(MONEY Magazine) -- It's an all too familiar litany of hassles: You need to see a physician to take care of your aching hip -- and the next appointment is weeks away. Or you skip out to the doctor during a workday lunch -- and though you see the actual doctor for all of 10 minutes after the inevitable long wait, a third of your day is gone.
It's easy to see the appeal in so-called concierge medicine -- where you pay an annual retainer fee (on top of standard treatment charges) to join a network of primary-care physicians who offer premium services such as shorter waits, longer visits and a quick response via phone or e-mail.
Retainer-based physicians say they can better coordinate your care with specialists, and some will help you access top specialists who are otherwise hard to reach.
Concierge care is attractive from the doctor's standpoint: It allows primary-care doctors, who receive far lower insurance reimbursements than specialists, to see fewer patients without hurting their income.
Although there are only a few thousand retainer-based physicians today, that number has doubled in the past two years, says the American Academy of Private Physicians, and the trend is likely to continue:
"Health services are the fastest-growing segment of the health care business," says Mark Murrison, marketing president for concierge chain MDVIP, which is owned by consumer products giant Procter & Gamble (Fortune 500).,
Better care? Perhaps
All doctors are obliged to treat you to the best of their ability, but concierge practices say that a doc who can pay extra attention to you and your family history is more likely to catch diseases early on.
Though there aren't good academic studies on concierge care, some consumer experts believe better service can drive better health, especially for patients with chronic conditions.
"A happy patient is more likely to adhere to the doctor's recommendations," says Dr. Ashish Jha, an associate professor of health policy at Harvard.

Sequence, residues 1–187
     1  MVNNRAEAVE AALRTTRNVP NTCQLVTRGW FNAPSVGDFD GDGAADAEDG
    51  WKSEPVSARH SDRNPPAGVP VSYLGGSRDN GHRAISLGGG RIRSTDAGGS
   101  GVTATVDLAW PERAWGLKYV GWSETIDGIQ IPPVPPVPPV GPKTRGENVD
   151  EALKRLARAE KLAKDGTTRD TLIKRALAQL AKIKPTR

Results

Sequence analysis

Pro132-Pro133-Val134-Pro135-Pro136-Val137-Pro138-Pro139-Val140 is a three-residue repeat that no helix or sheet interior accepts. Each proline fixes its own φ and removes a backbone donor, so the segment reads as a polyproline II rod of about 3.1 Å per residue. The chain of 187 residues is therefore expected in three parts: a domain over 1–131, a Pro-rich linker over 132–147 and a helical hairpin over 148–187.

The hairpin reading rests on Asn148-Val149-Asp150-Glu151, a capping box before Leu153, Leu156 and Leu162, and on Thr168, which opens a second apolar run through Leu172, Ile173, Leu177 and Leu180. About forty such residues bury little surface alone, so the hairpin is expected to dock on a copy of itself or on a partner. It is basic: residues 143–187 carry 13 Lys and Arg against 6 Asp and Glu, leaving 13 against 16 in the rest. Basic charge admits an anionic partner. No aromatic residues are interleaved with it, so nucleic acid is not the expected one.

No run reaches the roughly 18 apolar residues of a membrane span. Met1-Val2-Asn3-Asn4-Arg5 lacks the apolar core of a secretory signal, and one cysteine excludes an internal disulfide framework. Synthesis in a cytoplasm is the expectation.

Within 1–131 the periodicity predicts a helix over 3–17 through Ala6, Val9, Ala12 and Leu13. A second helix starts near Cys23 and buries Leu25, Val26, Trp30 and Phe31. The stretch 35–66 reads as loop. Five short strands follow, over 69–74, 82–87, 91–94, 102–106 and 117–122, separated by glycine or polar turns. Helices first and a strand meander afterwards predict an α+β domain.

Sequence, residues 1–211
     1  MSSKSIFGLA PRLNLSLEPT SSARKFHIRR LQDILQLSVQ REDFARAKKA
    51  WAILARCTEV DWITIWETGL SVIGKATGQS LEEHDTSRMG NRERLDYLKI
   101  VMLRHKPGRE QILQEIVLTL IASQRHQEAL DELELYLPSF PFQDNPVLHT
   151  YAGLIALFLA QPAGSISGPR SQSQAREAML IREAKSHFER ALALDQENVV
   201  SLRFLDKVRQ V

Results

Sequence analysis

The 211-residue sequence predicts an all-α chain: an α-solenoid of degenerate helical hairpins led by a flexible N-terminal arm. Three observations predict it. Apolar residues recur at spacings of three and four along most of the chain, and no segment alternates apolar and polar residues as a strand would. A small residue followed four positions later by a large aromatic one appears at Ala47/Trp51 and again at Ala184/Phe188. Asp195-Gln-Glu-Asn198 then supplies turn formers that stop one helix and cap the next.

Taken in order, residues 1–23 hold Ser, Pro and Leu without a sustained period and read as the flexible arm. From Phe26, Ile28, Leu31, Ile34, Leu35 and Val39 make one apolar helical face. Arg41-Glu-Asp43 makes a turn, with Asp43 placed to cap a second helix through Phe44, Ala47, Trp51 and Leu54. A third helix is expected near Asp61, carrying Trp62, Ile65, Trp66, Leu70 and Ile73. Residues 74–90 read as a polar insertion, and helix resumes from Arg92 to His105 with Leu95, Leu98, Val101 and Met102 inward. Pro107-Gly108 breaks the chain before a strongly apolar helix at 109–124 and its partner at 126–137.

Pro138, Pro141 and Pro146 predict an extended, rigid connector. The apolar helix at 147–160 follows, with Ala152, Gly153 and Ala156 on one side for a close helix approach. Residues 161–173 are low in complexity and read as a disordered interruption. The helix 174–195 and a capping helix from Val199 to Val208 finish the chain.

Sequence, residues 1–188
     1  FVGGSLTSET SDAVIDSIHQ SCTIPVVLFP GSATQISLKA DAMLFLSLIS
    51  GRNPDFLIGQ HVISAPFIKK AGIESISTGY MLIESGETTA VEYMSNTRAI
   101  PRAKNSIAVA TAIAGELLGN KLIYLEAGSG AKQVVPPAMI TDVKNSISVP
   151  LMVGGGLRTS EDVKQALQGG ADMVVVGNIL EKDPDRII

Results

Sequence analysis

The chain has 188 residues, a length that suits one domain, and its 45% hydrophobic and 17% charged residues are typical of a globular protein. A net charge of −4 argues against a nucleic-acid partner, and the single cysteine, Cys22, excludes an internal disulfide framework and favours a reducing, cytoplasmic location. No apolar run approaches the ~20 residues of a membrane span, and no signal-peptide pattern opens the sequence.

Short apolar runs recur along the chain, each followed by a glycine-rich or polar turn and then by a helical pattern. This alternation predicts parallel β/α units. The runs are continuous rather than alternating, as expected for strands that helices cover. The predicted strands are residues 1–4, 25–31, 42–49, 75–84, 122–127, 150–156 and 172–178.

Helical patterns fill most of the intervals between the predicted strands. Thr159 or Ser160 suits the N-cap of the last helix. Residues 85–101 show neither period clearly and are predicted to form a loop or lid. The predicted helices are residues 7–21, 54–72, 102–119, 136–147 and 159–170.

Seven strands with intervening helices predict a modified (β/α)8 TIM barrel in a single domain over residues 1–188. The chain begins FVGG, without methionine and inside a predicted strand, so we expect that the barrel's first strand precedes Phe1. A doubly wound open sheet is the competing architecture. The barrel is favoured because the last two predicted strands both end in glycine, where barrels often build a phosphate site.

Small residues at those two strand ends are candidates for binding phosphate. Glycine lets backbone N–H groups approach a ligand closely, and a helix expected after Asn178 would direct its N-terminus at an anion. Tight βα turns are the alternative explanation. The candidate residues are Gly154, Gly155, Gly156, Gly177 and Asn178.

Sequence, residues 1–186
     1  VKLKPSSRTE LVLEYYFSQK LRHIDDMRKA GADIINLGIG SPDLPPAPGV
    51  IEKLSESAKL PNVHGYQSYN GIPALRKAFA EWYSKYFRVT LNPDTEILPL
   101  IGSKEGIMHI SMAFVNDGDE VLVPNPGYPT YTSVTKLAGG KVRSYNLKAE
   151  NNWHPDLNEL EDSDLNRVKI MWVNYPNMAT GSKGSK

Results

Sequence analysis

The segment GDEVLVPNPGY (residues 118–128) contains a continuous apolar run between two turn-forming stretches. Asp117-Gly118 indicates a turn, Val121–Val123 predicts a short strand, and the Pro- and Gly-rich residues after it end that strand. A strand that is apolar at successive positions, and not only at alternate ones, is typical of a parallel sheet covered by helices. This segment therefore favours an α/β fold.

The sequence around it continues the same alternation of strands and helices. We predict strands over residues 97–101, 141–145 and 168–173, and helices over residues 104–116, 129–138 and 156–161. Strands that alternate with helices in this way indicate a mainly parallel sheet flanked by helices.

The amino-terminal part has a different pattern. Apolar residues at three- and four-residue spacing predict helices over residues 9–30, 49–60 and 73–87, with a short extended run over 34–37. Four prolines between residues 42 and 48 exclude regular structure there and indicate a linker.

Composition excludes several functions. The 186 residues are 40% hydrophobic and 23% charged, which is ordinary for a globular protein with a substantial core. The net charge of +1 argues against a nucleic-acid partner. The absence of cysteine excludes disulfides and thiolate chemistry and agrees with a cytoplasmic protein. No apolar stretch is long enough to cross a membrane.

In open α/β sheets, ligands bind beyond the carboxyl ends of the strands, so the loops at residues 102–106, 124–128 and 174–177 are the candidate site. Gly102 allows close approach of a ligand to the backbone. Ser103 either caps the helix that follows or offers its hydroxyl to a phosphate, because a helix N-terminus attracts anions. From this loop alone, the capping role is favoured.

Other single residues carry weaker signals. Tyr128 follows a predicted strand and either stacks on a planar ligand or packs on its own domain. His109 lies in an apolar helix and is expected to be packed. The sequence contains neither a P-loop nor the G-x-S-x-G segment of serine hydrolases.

Thinking of signing up? Here's what you need to know.
Better service? For sure
Concierge practices are usually small, independent clinics or part of nationwide chains.
Membership fees average $1,800 a year but can run as high as tens of thousands on the upper end. (Some of the fees may be eligible for a pretax FSA or HSA account.) Three-quarters of concierge doctors take insurance.
Services differ across practices, but short wait times, wellness programs, and screening exams are typically included.
At MDVIP, for example, which contracts with 500 physicians across the country, the $1,500- to $1,800-per-person fee includes lab work, diagnostic exams, wellness plans and guaranteed 30-minute office visits.
Top-of-the-line retainer programs, which have doctors who are less likely to take insurance, might even give you 24/7 access to your physician.
When it's worth paying up
Concierge medicine makes the most sense for those with a chronic illness, like diabetes, in which case frequently keeping in touch with your doc can potentially prevent costly complications, says Jha.
Some retainer groups negotiate lower fees for in-person visits, which can be important if you're in a high-deductible health plan. And online and phone consults may save you money by enabling you to see the doctor less often.
To find a concierge doctor in your area, go to the American Academy of Private Physicians' website and click on "Find a Physician."
Since concierge care isn't standardized, it's up to you to find out the exact services you'll be getting. For example, are you guaranteed same-day appointments with your physician? A certain amount of time per visit? Does the "24-hour access" apply to your doctor -- or a physician assistant?
|Latest Tesla fire caused by running over a metal object|
|Porn-viewing bosses infect corporate networks|
|Chrysler recalls 1.2 million trucks|
|Twitter stock already downgraded|
|What shutdown? Job growth strong in October|
Carlos Rodriguez is trying to rid himself of $15,000 in credit card debt, while paying his mortgage and saving for his son's college education.
Susan Carson and Laura DeLallo make $225,000 and have half a million in retirement savings, but their sprawling portfolios is proving hard to manage.
|Overnight Avg Rate||Latest||Change||Last Week|
|30 yr fixed||4.45%||4.52%|
|15 yr fixed||3.47%||3.55%|
|30 yr refi||4.44%||4.51%|
|15 yr refi||3.46%||3.54%|
Today's featured rates: